Thank you.


From Peter Furtado 2
Last night I was thinking why taimyo involves the sort of spinal twists that we have always done as warmup exercises but form very little part of the rest of keiko: the twisting movement in taikimai, the ankle- and wrist- turning, the Pole Star exercise placed almost as the climax and resolution of the whole kata. What do they mean? Why are they there? How do they relate to the rest of what we have learned in Shintaido and in the rest of life?

Usually I think of these forms in terms of energy spirals, like (if I am feeling grandiose) those images you get in astronomy books of huge pulses of energy shooting out of the poles of pulsars and quasars which are the most powerful forms of energy in the entire sky. But last night it made me think about other, much more gentle images of turning: seasons turning, animals curling up to sleep (and this one resonates particularly with the beautiful, kind, nurturing movement of yoshin – which again I usually think of as an inward eiko – but perhaps that’s another story…).

Then I found myself back to the question of war and peace. How does the fostering of a sense of the richness of life – as I was writing about yesterday? – foster peace? What does it mean to say you oppose war? Or even that you want to abolish war? Or that you support peace? These are questions I find myself thinking about a lot because as a Quaker I am surrounded by people who are pacifist-activists, but I am never quite sure what they are doing: how does, say, sitting outside a nuclear base knitting or singing or symbolically cutting the perimeter fence bring an end to war? The answer I usually make to this question is that it is bearing public witness that there are values in our world – in fact the deepest values in our world – that are affronted by the existence of weapons systems, and although that witness will never end or abolish those systems, it must be made and will gradually bear fruit in small ways that will nourish humanity and life and contribute to ensuring that militarism does not totally smother or destroy the world. Whereas many of my friends believe – I think – that one day, if we demonstrate and knit and sing and cut wire for long enough, then war can actually be abolished and peace will reign throughout the world, I myself don’t, if I am truthful, believe that. I think there will always be war and what we have to do is try to minimise it. To mitigate its impact, to defend the weak and suffering, and to find resolutions to particular conflicts, to try to prevent the next one, to seek out its roots deep in our economies, our lives and our psyches; but not to abolish war itself for ever.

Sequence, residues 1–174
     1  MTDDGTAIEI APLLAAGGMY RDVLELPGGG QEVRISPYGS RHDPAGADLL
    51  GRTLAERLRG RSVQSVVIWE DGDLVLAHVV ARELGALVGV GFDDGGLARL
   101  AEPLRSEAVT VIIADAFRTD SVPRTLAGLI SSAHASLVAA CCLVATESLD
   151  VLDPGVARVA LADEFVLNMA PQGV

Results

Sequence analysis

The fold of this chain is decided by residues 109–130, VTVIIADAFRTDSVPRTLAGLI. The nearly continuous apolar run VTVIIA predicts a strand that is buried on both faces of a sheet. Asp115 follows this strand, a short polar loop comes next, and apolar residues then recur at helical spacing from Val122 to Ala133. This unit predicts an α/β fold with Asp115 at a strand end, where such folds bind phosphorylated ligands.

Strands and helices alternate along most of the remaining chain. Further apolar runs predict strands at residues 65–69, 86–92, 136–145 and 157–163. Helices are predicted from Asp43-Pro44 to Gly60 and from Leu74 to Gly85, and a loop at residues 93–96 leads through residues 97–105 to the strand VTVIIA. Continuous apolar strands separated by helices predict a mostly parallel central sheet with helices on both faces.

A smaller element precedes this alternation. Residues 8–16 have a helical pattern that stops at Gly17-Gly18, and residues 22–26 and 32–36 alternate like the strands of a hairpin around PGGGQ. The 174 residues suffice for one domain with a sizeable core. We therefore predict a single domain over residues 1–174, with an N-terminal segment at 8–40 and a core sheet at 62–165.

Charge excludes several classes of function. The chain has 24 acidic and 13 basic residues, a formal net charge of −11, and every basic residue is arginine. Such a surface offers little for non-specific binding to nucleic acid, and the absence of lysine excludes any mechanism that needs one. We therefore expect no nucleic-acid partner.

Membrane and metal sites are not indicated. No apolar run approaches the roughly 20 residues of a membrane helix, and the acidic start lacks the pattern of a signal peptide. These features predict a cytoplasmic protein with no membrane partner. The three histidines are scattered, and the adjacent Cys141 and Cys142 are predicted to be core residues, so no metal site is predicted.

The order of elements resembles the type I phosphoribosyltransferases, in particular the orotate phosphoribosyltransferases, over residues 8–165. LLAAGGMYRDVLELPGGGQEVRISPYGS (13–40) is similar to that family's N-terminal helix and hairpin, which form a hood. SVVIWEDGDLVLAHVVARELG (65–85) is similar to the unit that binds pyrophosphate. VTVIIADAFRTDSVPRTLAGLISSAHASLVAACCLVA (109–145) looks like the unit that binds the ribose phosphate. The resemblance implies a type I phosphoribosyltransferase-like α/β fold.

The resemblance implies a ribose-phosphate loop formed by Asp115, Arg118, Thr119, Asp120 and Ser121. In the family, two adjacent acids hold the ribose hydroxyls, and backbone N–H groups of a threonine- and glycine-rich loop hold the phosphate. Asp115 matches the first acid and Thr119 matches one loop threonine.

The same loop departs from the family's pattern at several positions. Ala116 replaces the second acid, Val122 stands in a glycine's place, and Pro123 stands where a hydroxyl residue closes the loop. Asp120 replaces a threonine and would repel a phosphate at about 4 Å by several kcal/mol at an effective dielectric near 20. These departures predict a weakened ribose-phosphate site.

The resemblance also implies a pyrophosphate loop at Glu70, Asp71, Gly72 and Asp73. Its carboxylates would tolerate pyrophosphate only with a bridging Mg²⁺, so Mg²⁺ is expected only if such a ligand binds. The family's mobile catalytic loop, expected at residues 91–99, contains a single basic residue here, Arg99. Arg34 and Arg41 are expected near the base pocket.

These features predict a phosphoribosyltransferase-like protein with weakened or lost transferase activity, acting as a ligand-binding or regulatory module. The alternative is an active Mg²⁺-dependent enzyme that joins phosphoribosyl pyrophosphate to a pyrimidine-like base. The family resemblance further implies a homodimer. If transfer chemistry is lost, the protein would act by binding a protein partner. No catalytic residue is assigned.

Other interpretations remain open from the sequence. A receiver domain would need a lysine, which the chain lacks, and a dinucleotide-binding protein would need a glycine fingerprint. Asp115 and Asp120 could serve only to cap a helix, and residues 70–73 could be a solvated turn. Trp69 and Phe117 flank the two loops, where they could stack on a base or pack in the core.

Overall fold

What does this have to do with taimyo and twisting? I was suddenly struck by the image of the yin-yang symbol. It seemed to me as if taimyo’s twisting – not to mention its polarities (inside-outside, openhand-closed fist, up-down, person-planet, big-small, muso-kaisho) – encapsulated this simple symbol. And the twisting is the body’s expression of the turning, wrap-around integrated sense of those polarities. It is not like doing shoko when you stand foursquare and symbolically say ‘Here I stand, I can do no other’, but something much more involving, integrated.

Do you remember that song by the Byrds?
To every thing, turn, turn, turn
There is a season, turn, turn, turn
And a time to every purpose under heaven
A time of love a time of hate
A time of war a time of peace
A time you may embrace
A time to refrain from embracing

That song is based on the Bible – Ecclesiastes III. Take a look at it: it sums up this aspect of what I’m trying to say about taimyo. And while it doesn’t give me such an ambitious notion of campaigning for peace as some of my friends embrace, then it gives me an image that there love and peace and embracing are as necessary, and as powerful as war, and are its equal, and are contained as a seed in every moment however bleak.